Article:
Nia Vardalos and Lainie Kazan in My Big Fat Greek WeddingMY BIG FAT GREEK WEDDING

In the first 20 minutes of the romantic comedy My Big Fat Greek Wedding, there's a scene so simple it feels revelatory. Our heroine, Toula (Nia Vardalos), is a 30-year-old waitress in a diner owned by her Greek-with-a-vengeance parents, and has always been, as she describes herself, "a frump" - plain, bespectacled, overweight, and sadly single.

Jim Broadbent and Judi Dench in IrisIRIS

Allow me a moment, if you will, to thank the folks at Moline's Nova 6 Cinemas for their continued efforts at occasionally booking more offbeat cinematic fare than the multiplex standard.

Leelee Sobieski in The Glass HouseTHE GLASS HOUSE

The domestic thriller The Glass House is obvious and over-the-top from the word go, and that's what I liked about it. It takes true chutzpah to pull off a movie with visuals this baroque and plotting this convoluted; it might be the most trashily enjoyable work of its kind since 1997's The Devil's Advocate. Like that Al Pacino craptacular, The Glass House has no higher agenda than showing audiences, in horror-flick form, the luridness behind ultra-rich "perfection," and it's so up-front about its limited ambitions, and so earnestly performed by its top-tier cast, that you can easily lean back and enjoy it for the stylish dreck it is. Is it a good movie? Nah. An entertaining one? Hell, yes.

Tim Roth and Mark Wahlberg in Planet of the ApesPLANET OF THE APES

My guess is that Tim Burton's "re-imagining" of Planet of the Apes will meet the same fate as 1999's The Blair Witch Project and last year's X-Men: It'll stand as the most misunderstood, and least appreciated, blockbuster of the summer.

Renee Zellweger in Bridges Jones's DiaryBRIDGET JONES'S DIARY

A terrific leading character can atone for a lot of wrongs in a film, and there might be no better proof of that thesis than Bridget Jones's Diary, Sharon Maguire's adaptation of Helen Fielding's incredibly popular novel. Our heroine, a 32-year-old British woman who works a dead-end publishing job, is a completely realistic type we almost never see in movies: a chain-smoking, wine-slurping, slightly overweight, unsatisfied-in-relationships flirt who wants desperately to better herself but doesn't have the motivation or discipline to do so. Flawed as she is, she's intensely endearing, and as perfectly played by Renée Zellweger, she's a magically comic creation, even more wonderful than Zellweger's previous incarnations of Dorothy Boyd and Nurse Betty. That the moviemakers spend the film's running length putting her in one humiliating situation after another, and that she's trapped in a predictable love triangle between a cad and a sweetie, aren't to be held against her; Bridget Jones, and Zellweger herself, triumph over their circumstances, creating a totally enjoyable cinematic work, flaws and all.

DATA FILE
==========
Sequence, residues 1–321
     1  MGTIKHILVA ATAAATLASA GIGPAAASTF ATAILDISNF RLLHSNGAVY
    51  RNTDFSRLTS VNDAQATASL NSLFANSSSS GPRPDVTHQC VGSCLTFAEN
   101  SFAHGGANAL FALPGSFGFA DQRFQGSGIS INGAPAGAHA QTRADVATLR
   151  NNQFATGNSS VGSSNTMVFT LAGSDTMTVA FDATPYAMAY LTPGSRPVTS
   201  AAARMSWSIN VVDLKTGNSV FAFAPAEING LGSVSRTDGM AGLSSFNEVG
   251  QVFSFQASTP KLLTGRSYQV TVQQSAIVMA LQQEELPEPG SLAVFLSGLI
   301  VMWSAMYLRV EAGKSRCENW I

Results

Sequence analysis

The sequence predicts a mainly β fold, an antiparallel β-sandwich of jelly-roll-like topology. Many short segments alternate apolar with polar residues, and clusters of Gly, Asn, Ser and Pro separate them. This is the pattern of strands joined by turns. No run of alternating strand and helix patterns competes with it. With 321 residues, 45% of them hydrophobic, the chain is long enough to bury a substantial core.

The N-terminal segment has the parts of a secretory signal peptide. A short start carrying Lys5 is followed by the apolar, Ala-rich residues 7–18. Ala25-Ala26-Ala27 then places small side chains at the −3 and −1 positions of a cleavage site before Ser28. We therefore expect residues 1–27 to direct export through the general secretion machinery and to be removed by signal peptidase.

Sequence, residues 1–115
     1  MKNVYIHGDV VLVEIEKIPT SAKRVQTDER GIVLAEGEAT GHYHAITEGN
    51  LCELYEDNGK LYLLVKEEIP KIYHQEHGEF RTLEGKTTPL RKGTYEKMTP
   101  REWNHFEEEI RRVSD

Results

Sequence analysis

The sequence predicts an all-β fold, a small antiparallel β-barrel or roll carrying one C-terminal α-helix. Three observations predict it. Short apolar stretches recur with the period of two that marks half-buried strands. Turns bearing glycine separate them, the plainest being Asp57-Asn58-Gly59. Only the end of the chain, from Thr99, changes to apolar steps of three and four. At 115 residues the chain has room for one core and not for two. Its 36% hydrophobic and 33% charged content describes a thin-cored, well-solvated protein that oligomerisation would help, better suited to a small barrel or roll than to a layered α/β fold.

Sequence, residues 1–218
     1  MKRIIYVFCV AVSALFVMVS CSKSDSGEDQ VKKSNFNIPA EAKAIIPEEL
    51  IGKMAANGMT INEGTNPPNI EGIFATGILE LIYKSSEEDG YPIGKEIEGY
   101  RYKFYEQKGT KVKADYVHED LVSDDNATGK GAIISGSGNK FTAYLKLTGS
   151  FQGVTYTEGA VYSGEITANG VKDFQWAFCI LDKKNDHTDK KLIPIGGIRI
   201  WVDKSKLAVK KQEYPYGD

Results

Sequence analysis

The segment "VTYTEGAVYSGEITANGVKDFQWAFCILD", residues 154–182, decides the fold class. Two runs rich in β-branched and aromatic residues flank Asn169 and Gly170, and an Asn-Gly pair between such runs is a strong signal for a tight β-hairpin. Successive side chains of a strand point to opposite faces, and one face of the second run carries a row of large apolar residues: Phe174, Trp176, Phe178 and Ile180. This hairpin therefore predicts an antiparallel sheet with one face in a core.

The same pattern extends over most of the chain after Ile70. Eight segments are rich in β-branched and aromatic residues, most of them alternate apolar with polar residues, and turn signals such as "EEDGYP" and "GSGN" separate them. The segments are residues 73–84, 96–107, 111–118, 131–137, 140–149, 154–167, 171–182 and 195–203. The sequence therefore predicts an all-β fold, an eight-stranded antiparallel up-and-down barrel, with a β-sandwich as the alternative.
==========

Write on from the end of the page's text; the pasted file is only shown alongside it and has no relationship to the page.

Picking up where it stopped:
Brad Pitt and Julia Roberts in The MexicanTHE MEXICAN

We've had the evidence for years, but I think it's time we made it official: Brad Pitt is a gonzo supporting player stuck in a (rather dull) leading man's body. Recently, he portrayed the heavily-accented Irish boxer in Snatch, giving the film a jolt of pure, comedic adrenalin - his screen time was brief, but he was the most entertaining performer in the movie - and when he appeared as a supporting actor in 12 Monkeys, Thelma & Louise, and True Romance (probably his best, and easily his funniest, screen work), his performances were well-calibrated and often inspired. Pitt can display a true flair for off-kilter comedy; it's telling that his most enjoyable lead performance has come from the darkly comic cult film Fight Club, where his Tyler Durden was clearly one of Pitt's nutjob character roles gone berserk.

Michelle Yeoh in Crouching Tiger, Hidden DragonCROUCHING TIGER, HIDDEN DRAGON

You may have heard that Ang Lee's latest work, the historical-drama/romance/martial-arts/action pic Crouching Tiger, Hidden Dragon, is in Chinese with English subtitles. It's true. Yet no filmgoer with a subtitle phobia should be dissuaded from seeing the movie, because it's such a thrilling, intoxicating, heady ride that its subtitles are absolutely superfluous. Ang Lee has created something rather amazing - an accessible, American-audience-friendly foreign work - that will leave you gasping at its audacity and superior visuals while finding yourself completely enraptured by its two sets of heartbreaking romances; it's a Chinese Titanic with a better script.

Jason Statham, Brad Pitt, and Alan Ford in SnatchSNATCH

First, the bad news: Guy Ritchie's latest crime thriller, Snatch, is nearly a carbon copy of his sizzling 1998 debut film, Lock, Stock, and Two Smoking Barrels. The good news: Who cares? Those who like their thrills fast, bloody, twisty, and awfully funny will be in B-movie paradise here; we're only three weeks into January, and we already have a movie that's more enjoyable than 90 percent of what was released last year.

The Emperor's New GrooveTHE EMPEROR'S NEW GROOVE

Despite being saddled with a crummy title, Disney's The Emperor's New Groove turns out to be the studio's most sheerly pleasurable animated feature in ages. It appears to have been made not only for those of us who were sick to death of the tired old Disney formula, but by people who were sick to death of the tired old Disney formula; it attacks the studio's shopworn clichés with a vengeance that is both hilarious and utterly deserved.

Eddie Murphy and Janet Jackson in Nutty Professor II: The KlumpsNUTTY PROFESSOR II: THE KLUMPS

You know exactly what you're going to get out of Nutty Professor II: The Klumps, and for the most part, that's a good thing. As the title indicates, the movie is more spin-off than sequel, as Eddie Murphy gives life to the Klumps, the vivacious and often beyond-vulgar kin to Sherman Klump, the obese genetics professor of the 1996 film.

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